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Listed under:  Science  >  Matter  >  Chemical reactions
Interactive

Oresome world

This interactive resource takes students on a journey of discovery in the energy and mining world. Oresome world contains five games or modules: Coal, Energy, Gas, Low emissions and Mining, and within each of these there are several facilities to explore, such as the Underground mining site, Hydroelectric power station, ...

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Check the pH before jumping into this wetland!

Can you imagine a wetland so acidic that its pH levels are similar to the acid in a car battery? It's part of a problem that scientists call acid mud. In this clip from 2008, see how it forms and what scientists are doing to better understand this environmental disaster.

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Precious metals

Why are some metals prized more for jewellery than others? Listen to presenter Bernie Hobbs explain the chemical reaction that affects the look and durability of metals. Using the periodic table and some dazzling computer graphics, Bernie demonstrates why 'oxygen-proof, low-reactivity, transition metals' such as gold keep ...

Online

Popcorn, pikelets and chemical reactions: Connected Learning Experience

In this Connected Learning Experience students explore important chemical reactions such as neutralisation and combustion and their application in our world. They students will review the signs that indicate a chemical reaction has taken place and then apply this knowledge to their investigations.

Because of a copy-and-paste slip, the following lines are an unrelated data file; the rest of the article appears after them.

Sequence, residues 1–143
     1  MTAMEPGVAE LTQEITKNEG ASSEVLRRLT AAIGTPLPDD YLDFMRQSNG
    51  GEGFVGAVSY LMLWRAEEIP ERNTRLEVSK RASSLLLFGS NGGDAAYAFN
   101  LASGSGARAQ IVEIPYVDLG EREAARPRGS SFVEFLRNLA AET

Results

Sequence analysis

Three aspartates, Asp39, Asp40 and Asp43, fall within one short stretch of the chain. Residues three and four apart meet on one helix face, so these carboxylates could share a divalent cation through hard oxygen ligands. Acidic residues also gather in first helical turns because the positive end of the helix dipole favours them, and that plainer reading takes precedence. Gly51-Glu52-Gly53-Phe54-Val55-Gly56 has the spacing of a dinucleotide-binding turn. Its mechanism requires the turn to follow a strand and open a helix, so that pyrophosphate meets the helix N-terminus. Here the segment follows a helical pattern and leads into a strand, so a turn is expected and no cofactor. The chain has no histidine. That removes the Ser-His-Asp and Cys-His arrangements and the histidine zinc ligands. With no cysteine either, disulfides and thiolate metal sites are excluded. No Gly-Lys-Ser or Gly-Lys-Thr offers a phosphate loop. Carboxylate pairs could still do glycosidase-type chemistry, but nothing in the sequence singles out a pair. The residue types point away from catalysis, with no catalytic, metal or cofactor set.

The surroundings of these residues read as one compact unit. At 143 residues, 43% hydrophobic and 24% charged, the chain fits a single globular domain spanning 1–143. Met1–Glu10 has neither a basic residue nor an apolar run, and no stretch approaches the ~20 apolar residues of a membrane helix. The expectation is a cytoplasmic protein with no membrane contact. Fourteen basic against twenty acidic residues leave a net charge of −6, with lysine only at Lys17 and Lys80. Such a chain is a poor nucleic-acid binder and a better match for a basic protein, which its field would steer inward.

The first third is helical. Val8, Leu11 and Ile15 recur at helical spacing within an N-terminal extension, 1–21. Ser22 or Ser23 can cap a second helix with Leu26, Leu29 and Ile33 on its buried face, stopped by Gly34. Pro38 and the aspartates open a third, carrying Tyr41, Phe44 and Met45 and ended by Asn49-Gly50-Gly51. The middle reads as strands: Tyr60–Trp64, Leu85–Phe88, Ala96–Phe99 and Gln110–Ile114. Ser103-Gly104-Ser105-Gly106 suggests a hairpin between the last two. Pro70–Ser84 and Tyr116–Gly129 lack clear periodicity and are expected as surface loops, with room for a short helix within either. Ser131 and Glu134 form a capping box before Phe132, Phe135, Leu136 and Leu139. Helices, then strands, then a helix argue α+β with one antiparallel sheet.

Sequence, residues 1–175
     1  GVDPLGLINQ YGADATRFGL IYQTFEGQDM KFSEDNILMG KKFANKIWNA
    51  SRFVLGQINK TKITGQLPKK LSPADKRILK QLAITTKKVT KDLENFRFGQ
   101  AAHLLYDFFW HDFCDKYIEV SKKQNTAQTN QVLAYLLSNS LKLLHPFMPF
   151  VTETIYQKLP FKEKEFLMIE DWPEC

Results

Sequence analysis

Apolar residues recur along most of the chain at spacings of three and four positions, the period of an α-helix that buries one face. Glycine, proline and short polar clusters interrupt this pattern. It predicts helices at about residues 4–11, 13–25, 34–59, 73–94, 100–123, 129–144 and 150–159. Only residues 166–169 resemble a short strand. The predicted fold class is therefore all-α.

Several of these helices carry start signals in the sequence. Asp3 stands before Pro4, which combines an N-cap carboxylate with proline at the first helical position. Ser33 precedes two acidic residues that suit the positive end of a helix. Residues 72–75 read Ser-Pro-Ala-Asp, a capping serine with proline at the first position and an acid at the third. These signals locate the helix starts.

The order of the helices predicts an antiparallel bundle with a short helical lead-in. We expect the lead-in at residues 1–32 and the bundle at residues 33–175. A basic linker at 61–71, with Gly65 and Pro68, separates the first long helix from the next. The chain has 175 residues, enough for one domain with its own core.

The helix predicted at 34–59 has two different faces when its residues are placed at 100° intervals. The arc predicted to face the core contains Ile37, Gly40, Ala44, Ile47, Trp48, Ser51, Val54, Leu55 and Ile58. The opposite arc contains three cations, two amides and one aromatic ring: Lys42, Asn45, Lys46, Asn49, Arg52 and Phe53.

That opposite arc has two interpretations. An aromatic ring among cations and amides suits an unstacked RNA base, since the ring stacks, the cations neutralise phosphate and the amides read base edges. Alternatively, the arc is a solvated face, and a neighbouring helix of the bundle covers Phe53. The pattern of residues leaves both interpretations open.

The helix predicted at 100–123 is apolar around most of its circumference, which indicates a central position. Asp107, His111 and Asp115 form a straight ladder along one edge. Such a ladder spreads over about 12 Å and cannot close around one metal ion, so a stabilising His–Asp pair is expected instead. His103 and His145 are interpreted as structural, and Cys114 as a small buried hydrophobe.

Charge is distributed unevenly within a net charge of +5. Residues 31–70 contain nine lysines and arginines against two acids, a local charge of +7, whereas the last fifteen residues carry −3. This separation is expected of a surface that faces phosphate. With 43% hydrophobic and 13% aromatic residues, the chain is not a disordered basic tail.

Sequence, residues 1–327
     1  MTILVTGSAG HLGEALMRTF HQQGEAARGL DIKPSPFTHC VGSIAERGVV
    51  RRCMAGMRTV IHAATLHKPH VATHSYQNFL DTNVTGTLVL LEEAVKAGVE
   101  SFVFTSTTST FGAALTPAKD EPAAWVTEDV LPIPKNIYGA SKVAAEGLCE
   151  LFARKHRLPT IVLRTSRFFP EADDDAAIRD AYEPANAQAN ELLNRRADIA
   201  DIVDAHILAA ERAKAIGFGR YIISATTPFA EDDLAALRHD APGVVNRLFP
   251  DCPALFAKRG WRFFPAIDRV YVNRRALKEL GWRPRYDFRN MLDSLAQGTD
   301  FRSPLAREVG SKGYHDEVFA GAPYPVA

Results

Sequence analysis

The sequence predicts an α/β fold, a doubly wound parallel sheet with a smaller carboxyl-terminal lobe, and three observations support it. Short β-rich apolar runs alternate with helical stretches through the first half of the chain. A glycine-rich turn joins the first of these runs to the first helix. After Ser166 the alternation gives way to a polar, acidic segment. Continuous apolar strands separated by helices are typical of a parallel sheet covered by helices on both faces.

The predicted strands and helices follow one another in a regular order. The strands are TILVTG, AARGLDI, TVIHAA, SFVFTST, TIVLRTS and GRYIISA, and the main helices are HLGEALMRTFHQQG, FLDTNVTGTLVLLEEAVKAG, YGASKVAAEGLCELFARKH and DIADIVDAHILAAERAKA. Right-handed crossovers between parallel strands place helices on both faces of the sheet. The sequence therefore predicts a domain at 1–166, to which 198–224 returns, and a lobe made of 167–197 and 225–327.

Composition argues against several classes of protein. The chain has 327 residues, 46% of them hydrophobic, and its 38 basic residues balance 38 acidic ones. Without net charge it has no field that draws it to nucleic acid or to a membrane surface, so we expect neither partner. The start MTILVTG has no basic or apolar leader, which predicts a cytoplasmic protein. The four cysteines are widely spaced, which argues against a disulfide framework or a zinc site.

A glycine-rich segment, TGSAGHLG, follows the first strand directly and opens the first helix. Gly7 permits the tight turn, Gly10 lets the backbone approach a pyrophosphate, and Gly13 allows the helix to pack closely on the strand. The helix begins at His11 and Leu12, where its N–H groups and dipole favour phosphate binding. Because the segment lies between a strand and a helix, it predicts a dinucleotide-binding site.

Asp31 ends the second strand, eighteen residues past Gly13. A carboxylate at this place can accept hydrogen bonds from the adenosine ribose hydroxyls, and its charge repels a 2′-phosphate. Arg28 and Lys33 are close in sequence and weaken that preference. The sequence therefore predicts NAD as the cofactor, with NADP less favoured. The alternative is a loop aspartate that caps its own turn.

Online

Chemical reactions: Connected Learning Experience (CLE)

In this investigation, four different types of chemical reactions are performed one at a time. Students then test their understanding by performing six further reactions and for each one: predict the products, identify the type of reaction and write balanced word and symbol equations.

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Underground coal gasification

How are scientists using technology to get energy out of coal without having to dig it up? Find out how underground coal gasification (UCG) burns and converts the coal to gas underground. Visit UCG trial sites in Queensland and hear how UCG avoids some of the environmental effects of traditional coal mining, but may have ...

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Hot chilli contest

Why does eating a chilli give your mouth a burning sensation? Watch the fun as Adam and Dr Karl put three contestants through a chilli-eating contest to explain why chillies taste hot. Then discover the secret antidote to chilli heat.

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Carbon and the origins of crude oil

Follow a carbon atom as the central character in a story about crude oil. Watch as this ancient chemical that has existed since the dawn of time is recycled through all life forms, oceans, rocks and the atmosphere. See the origins of the vast oil fields on which the modern world now depends.

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Raiders of the lost Anti-Bubble

Doctor Ruby and Bunsen Bernie are bubble hunters in search of the mysterious Anti-Bubble. Before they can enter into the Chamber of the Anti-Bubble, they must pass three challenging bubble tests. This is part one of a two-part episode.

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Vitalism disproved through evidence

Discover how the scientific theory of vitalism, championed by the Swedish chemist Jöns Berzelius, was disproved by his former student Friedrich Wöhler. Find out the way chemists study how the different atoms in organic compounds combine in set ratios depending on the 'valence' of those atoms.